The trigger could be anything. “Wait, you guys are standing on cobblestones? Yeah, that’s a couple more Pain.” or “There’s a raven watching you from the rooftops. So this is three Pain less.” When you do this, you create two things: a sense that the world is bigger and stranger than the immediate conflict, and that there’s mystery all around. What’s up with the cobblestones? When do ravens make things easier? Can I trust that?
Be as consistent as makes sense, and keep in mind that cause & effect aren’t always direct or constant. After all, this is the Mad City…
 A future post
Folks! New stuff!
Years and years ago, I did a little Don’t Rest Your Head scenario at an EndGame Oakland mini-con called “The Bad Man”, one where you were a bunch of first graders in the Mad City. It was an experiment where I rewrote the character creation setup to have different questions & language for the kids. And it was a rousing success!
Fred Hicks & I shot back and forth on it. He rewrote bits of it, and he and I did up a new version of the helping & PVP rules. We’ve run it a few times since, and totally love it.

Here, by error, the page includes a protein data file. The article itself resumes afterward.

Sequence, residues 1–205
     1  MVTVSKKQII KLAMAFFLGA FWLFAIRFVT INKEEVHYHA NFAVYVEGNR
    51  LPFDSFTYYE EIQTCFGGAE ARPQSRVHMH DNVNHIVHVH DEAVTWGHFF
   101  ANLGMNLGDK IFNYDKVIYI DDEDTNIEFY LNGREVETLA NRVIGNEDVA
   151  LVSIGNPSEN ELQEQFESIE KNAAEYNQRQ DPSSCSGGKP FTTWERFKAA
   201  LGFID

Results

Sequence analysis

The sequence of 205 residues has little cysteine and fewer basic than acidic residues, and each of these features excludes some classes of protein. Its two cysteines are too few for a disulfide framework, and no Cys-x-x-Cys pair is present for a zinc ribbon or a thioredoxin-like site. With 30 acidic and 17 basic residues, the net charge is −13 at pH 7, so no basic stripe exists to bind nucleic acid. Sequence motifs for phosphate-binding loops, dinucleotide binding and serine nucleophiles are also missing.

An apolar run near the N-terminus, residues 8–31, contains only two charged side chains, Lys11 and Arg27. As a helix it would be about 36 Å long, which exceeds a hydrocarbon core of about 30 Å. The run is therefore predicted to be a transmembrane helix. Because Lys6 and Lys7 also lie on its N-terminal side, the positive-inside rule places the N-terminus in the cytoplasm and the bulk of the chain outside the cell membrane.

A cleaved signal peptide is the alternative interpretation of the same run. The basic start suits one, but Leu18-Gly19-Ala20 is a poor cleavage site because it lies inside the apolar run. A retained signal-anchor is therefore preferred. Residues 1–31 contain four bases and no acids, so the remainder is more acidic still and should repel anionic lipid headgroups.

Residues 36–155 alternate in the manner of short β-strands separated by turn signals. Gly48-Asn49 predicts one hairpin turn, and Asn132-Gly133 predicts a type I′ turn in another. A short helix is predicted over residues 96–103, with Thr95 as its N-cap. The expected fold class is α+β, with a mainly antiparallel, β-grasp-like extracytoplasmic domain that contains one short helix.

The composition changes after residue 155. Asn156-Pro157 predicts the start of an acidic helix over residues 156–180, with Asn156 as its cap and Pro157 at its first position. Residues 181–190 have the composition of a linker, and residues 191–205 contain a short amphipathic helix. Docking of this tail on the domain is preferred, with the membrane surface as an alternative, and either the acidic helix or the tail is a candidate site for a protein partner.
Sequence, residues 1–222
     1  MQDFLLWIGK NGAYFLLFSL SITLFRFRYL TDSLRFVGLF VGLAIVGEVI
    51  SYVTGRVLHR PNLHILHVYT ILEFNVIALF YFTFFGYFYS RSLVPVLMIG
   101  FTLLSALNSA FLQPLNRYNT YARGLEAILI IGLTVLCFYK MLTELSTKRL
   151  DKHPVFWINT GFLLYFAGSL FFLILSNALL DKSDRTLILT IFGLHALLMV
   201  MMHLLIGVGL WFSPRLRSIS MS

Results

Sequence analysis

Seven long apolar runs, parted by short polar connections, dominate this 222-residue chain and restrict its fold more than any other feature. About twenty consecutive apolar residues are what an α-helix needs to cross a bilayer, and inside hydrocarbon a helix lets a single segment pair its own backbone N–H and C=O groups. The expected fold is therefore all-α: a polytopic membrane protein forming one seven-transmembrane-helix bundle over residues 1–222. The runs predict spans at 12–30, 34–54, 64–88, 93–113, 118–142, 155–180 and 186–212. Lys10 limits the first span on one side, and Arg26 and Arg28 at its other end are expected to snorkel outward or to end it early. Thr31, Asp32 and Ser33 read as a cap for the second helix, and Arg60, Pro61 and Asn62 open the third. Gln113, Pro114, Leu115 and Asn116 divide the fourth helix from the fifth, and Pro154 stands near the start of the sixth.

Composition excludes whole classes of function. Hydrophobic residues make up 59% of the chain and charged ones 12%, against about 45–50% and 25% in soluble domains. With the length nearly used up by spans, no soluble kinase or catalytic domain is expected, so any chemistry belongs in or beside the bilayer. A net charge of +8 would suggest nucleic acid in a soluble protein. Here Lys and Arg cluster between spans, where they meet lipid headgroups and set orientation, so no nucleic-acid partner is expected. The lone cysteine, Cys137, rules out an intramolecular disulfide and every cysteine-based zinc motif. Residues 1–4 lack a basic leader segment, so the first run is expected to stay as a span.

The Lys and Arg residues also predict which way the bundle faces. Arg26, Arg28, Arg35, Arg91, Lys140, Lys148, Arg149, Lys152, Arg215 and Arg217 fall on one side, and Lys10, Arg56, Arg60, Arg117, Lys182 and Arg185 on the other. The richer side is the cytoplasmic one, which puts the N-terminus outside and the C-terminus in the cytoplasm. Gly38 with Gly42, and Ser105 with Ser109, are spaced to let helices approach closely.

That was back in 2008. Then a little project call The Dresden Files ate our faces.
But today, we have spruced up the idea and released it for free…including the one-page version of the Don’t Rest Your Head rules. Free. You can get it from DriveThruRPG.
- One-page version of the rules
- One-page character questionnaire
- One-page character sheet/reference
- One-page setting write up, with bits on the right-hand side to rip up for use in play
Which, you know, you could download to see more of. :)
We didn’t write how to run this scenario intentionally — I run it differently every time, though I always start out just as the handouts say: I read it, we do character creation, and we talk about how they enter the Mad City. I may blog about the GMing more, and maybe not; there’s fruitfulness in discovering how to do something yourself when it comes to GMing.
Now, you might ask: why are Fred & I releasing this now, and for free? Read this post of Fred’s, and stay tuned…